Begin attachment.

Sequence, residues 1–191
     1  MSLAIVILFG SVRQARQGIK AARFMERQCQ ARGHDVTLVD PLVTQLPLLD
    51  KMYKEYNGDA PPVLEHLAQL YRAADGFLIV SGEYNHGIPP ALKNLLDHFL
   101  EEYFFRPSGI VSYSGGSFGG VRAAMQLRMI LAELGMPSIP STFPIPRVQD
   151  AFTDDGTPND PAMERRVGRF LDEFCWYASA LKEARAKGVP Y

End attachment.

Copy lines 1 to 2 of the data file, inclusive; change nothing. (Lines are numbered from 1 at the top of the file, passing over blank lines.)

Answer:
Sequence, residues 1–191
     1  MSLAIVILFG SVRQARQGIK AARFMERQCQ ARGHDVTLVD PLVTQLPLLD